Theology of Consent

To provide theological background about the process of consent to episcopal elections for Standing Committees, who are deciding whether or not to consent to the election of Canon Mary Glasspool as bishop suffragan of the Diocese of Los Angeles, The Chicago Consultation has prepared a collection of essays by theologians:

January 25, 2010 Dear Chicago Consultation friends:

Earlier this month, diocesan standing committees and bishops with jurisdiction were formally notified of the election of the Rev. Mary Glasspool as bishop suffragan in the Diocese of Los Angeles. Bishop-elect Glasspool is the second openly gay, partnered person to be elected bishop in the Anglican Communion.

The 2009 General Convention of the Episcopal Church affirmed, through Resolution D025, that God calls partnered gay and lesbian people to all orders of ministry in the Episcopal Church. The Chicago Consultation believes that this position is consistent with traditional Anglican polity and theology. To aid standing committees and bishops with their role in the consent process, we have published a collection of essays by eminent theologians across the Episcopal Church.

Our new publication,
God's Call and Our Response, is edited by the Rev. Dr. Ruth A. Meyers, Hodges-Haynes Professor of Liturgics at Church Divinity School of the Pacific. God's Call and Our Response includes essays by:

The Rev. Canon Gary R. Hall,
Ph.D, Christ Church Cranbrook, Bloomfield Hills, Michigan

The Rev. Jay Emerson Johnson, Ph.D.,
Graduate Theological Union, Berkeley, California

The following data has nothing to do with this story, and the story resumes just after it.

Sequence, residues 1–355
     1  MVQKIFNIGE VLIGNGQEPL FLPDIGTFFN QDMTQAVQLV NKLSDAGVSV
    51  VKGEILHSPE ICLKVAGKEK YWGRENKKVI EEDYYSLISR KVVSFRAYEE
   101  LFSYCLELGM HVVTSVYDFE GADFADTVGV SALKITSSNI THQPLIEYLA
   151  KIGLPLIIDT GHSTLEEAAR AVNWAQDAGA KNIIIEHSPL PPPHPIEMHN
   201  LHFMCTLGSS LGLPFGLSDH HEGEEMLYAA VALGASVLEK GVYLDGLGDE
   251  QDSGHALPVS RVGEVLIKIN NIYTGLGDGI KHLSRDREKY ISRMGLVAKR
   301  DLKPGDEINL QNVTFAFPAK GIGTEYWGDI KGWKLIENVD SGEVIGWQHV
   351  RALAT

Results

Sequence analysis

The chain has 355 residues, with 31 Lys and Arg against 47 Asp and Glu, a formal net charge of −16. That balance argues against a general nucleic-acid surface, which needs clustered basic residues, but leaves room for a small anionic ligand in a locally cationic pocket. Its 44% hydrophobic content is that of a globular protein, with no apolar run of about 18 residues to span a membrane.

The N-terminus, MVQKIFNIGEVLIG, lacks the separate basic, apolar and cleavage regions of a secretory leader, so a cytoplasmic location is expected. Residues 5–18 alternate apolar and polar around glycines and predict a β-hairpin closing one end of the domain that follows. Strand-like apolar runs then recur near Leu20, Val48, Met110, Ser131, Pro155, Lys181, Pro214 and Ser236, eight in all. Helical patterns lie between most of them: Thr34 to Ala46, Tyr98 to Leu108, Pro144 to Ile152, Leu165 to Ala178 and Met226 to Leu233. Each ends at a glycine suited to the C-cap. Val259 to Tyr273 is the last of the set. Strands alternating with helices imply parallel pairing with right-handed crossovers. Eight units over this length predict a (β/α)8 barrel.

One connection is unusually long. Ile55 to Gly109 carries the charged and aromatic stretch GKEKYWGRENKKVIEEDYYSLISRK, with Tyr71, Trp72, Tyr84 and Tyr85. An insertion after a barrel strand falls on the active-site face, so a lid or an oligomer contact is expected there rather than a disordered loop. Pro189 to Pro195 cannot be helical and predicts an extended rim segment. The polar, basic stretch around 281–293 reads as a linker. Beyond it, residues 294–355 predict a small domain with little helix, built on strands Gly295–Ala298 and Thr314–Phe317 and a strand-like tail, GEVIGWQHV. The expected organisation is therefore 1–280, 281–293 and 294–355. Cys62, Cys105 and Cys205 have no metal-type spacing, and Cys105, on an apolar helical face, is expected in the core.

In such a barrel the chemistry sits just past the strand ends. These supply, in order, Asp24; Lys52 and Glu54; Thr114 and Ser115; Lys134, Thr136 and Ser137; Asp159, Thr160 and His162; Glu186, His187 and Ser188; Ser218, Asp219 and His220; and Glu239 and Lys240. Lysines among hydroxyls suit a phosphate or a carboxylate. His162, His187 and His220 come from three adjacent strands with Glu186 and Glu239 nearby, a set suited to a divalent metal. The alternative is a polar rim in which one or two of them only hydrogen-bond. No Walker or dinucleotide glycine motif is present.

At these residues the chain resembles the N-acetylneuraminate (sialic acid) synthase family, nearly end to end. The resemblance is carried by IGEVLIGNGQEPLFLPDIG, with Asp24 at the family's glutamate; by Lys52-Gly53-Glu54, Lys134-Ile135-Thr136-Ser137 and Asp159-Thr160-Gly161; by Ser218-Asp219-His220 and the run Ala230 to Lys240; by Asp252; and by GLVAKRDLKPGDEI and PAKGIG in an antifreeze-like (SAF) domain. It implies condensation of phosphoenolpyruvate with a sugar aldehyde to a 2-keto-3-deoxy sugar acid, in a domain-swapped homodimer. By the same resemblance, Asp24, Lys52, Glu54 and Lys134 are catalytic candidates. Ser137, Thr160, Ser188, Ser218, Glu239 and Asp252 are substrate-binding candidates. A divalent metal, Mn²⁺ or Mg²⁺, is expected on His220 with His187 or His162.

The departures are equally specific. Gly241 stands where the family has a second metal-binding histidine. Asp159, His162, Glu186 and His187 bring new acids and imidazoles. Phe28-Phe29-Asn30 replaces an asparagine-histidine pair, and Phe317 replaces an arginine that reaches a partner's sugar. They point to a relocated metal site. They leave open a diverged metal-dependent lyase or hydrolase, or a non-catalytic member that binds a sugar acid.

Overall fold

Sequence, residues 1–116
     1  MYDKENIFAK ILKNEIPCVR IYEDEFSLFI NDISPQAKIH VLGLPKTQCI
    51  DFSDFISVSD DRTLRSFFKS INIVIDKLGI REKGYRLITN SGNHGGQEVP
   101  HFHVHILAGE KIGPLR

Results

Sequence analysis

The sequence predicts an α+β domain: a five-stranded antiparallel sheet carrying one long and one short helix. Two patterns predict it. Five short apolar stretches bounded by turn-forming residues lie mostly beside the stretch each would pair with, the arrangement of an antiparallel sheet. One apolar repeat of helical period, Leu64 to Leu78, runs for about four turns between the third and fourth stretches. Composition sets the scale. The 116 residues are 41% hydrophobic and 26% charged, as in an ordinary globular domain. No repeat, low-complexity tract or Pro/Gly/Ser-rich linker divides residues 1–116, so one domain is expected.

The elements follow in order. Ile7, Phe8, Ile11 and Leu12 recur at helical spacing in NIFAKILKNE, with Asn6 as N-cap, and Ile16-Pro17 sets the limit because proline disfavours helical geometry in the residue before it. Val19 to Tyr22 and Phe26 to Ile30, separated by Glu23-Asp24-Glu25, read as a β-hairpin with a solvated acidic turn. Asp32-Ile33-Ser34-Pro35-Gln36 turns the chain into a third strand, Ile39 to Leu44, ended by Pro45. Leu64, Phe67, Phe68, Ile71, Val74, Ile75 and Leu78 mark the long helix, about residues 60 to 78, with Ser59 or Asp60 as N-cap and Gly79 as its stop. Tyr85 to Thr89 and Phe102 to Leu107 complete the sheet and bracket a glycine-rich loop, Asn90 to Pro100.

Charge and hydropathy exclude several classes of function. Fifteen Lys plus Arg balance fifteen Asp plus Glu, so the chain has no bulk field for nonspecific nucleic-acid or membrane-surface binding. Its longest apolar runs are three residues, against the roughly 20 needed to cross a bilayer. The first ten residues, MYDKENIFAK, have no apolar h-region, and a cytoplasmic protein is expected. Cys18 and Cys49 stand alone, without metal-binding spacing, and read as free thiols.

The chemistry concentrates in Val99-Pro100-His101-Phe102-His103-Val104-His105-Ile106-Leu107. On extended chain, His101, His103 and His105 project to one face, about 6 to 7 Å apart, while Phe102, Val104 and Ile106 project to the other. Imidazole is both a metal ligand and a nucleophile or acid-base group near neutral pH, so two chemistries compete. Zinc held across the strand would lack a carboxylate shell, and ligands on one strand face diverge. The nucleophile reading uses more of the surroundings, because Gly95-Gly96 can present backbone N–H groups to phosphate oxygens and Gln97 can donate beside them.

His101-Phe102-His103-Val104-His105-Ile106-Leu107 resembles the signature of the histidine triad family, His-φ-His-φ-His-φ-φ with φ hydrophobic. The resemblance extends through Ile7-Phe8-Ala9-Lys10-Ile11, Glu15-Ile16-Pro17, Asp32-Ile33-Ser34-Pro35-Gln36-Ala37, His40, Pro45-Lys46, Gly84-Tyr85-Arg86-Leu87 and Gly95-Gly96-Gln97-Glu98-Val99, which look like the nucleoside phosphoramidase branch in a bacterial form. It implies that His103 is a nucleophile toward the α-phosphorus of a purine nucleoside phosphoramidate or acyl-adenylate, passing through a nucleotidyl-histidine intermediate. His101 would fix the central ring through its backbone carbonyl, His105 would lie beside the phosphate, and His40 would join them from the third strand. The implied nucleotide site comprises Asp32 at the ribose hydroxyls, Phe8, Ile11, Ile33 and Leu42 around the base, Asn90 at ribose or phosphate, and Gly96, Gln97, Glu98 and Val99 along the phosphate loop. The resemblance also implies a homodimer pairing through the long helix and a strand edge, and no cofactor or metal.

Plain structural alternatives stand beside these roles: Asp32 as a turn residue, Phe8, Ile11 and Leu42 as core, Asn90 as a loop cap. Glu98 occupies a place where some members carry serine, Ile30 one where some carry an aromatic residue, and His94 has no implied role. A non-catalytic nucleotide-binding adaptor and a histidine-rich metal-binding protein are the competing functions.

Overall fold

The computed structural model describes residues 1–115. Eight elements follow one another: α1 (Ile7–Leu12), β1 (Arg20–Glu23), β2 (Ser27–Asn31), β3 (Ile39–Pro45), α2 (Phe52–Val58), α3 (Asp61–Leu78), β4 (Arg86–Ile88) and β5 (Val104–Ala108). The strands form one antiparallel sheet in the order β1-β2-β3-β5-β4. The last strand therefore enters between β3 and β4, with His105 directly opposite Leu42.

The Rev. Dr. John Kater,
Professor Emeritus of Ministry Development, Church Divinity School of the Pacific

Dr. Fredrica Harris Thompsett,
Mary Wolfe Professor of Historical Theology, Episcopal Divinity School

We invite you to download God's Call and Our Response and share the link with anyone you know who might find it useful. Please also visit the Chicago Consultation's website and join us on Facebook to learn more about our work.

If you have questions, please email us at Chicago Consultation. Thank you, as always, for your prayers and support.


The Chicago Consultation

Comments (2)

The essays are helpful, but none of them reference what standing committees actually attest to in granting consent: that they know of no impediment on account of which the candidate should not be ordained. Impediment is a technical term in canon law, and I think it helpful to take that as the limit of the standing committee's role in this process.

Of course Standing Committees have been exercising a much broader role in the consent process - perhaps this needs to be made clearer through canon revision?

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